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first_imgAnd more broadly, 72 percent of exoneration cases in which the defendant was sentenced to death involved misconduct by police and prosecutors.”Misconduct is generally more common the more extreme the violence,” the study says.The report comes from a joint project of University of California-Irvine, the University of Michigan law school, and Michigan State University law school.It cites a broad range of police and prosecutor misconduct that contributes to unjust convictions: using questionable techniques to force false confessions, encouraging or coercing witnesses to provide evidence against a defendant; fabricating evidence; and prosecutors skirting the law. Around 2,500 people have been exonerated of serious crimes after being falsely convicted over the past 30 years in the United States.According to a new study out Tuesday, in around half their cases, police and prosecutors withheld evidence that would have exculpated them.The study by the National Registry of Exoneration found that evidence that would have cleared the defendant was withheld in 61 percent of erroneous murder convictions. African Americans were slightly more likely than whites to be victims of misconduct leading to false convictions.But in some types of crime, blacks were far more often falsely convicted. In drug cases, blacks were 12 times more likely than whites to be falsely convicted.Yet whites were also frequent victims, especially in so-called white-collar crimes involving corruption and fraud.In such cases, the police were not the problem, but instead zealous federal prosecutors likely seeking to prove themselves with a conviction.The consequences of injustice can be heavy: the average time spent in jail by a person convicted for murder and later cleared of the crime was 13.9 years, according to the study.An example is the case of Michael Morton, convicted of murder in Texas in 1987.The report said county prosecutor Ken Anderson “concealed potent exculpatory evidence that could have cleared Morton and led to the real killer – who killed another woman in 1988.”Sentence to life in prison, Morton was exonerated by DNA in 2012.Addressing the problem is difficult, the study admits.There is a deep, hard-to-change culture in police departments that is focused on getting convictions and resisting criticism, and includes pervasive practices that permit or reward bad behavior, it said.And prosecutors have unreviewable power on who to charge and for what, and can push the sentences they want.Topics :last_img read more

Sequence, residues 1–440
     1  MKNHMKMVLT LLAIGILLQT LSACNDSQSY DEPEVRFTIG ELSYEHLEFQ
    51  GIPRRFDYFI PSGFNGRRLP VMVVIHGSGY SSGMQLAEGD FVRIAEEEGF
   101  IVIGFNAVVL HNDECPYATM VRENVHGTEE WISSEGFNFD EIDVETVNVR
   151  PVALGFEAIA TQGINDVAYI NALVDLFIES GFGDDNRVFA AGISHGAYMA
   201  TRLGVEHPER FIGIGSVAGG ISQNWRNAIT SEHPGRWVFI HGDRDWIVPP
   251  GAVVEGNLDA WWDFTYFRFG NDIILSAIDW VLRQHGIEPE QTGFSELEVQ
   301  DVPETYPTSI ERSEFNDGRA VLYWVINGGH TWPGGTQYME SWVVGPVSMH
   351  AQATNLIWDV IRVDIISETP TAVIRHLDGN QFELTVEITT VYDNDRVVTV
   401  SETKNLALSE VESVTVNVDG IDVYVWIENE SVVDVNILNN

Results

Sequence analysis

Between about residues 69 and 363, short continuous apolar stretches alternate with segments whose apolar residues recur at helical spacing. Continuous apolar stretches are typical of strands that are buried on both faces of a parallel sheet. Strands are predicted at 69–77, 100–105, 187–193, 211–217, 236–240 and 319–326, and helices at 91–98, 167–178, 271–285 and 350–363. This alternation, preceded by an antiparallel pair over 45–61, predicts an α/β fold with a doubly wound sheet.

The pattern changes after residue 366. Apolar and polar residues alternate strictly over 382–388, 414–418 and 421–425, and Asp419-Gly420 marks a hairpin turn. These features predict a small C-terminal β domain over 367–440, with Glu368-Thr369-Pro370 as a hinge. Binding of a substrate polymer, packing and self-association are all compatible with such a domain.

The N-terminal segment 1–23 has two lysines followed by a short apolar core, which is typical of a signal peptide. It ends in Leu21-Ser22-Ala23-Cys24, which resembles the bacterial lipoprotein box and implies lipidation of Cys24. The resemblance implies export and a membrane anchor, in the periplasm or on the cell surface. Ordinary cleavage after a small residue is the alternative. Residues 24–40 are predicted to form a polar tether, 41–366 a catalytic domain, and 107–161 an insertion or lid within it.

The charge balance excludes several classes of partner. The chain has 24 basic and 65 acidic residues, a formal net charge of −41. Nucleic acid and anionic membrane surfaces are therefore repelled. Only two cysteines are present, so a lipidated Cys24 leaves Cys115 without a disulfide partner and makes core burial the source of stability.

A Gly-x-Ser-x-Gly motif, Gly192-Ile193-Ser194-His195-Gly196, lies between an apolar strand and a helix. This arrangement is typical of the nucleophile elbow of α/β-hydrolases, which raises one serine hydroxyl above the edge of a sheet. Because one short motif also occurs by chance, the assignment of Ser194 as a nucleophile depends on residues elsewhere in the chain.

first_img That is backed up by his statistics since January 1 as he has scored 11 in 16 matches. “I think there have been two clear different periods,” added Martinez. “Coming back from the World Cup was a really tough moment from a physical point of view to get back to his best level. “We worked really hard to get him back to the level and from the last week of December there was a real change for someone like him who relies on his physical capability. “I thought he hit the best level and from that point on we have seen a completely different Romelu: someone who was in control of his movements and then the power and pace was very effective. “He has always been a clinical goalscorer and I think his level has generally been quite impressive.” In four Europa League ties in the knockout stage Lukaku scored seven times, including a hat-trick against Young Boys in Switzerland. With 18 goals in total this season he is Everton’s leading scorer by some considerable margin (Steven Naismith and Kevin Mirallas have nine apiece). Martinez believes Lukaku has shown he can shoulder the burden which comes with his £28million price tag. “What he has done in Europe and what he has done as a young man, taking responsibility for the team, has been very impressive,” he said. “He is only 21 and it is only his second full season in an important role in a team playing a lot of minutes. “Last season he managed to play 20 full games, I expect him to play more than that this season and that will be an incredible step forward to grow and develop. “Since January we have been delighted with his performances but I must admit since the start of the season I have been delighted with his attitude as he has taken responsibility and grown so quickly. “When you see Rom play now you would never say he was 21 years old.” However, Martinez believes he would have a difficult time trying to convince him to take it easy, even if he was inclined to protect his striker from more injuries before the end of the campaign. “I think it would be near-enough impossible to keep Rom away from the football pitch at this stage. It’s not in his nature,” said the Spaniard. “Someone like Rom needs to be on the football pitch. He is only 21 and I don’t think there is any need for that at all. “If I am completely honest I think he has been suffering a lot in the last seven to 10 days that he has been injured and away from the team. “Rom belongs on the pitch, working for the team and scoring goals and becoming important and I don’t think there is a strong case to rest him now. “What we have to make sure is when he gets involved with Belgium in June he gets a proper break and he can recover and regenerate and get ready for next season.” Lukaku struggled to find his form in the first half of the season after the World Cup and he had only two goals to his name by mid-October. In 26 appearances up to and including January 1 he scored just seven times, but Martinez believes once he regained full sharpness there was a significant change. Everton manager Roberto Martinez admits he would not be able to ease striker Romelu Lukaku through the remainder of the season even if he wanted to. The Belgium international is set to return from a four-week absence with a hamstring injury this weekend at home to Burnley. Considering the workload the 21-year-old has had over the last 10 months, taking in the World Cup in Brazil and then heading straight into a Premier League and European campaign, there may have been a temptation to let their top scorer have a more restful end to the season with the Toffees having nothing to play for. Press Associationlast_img read more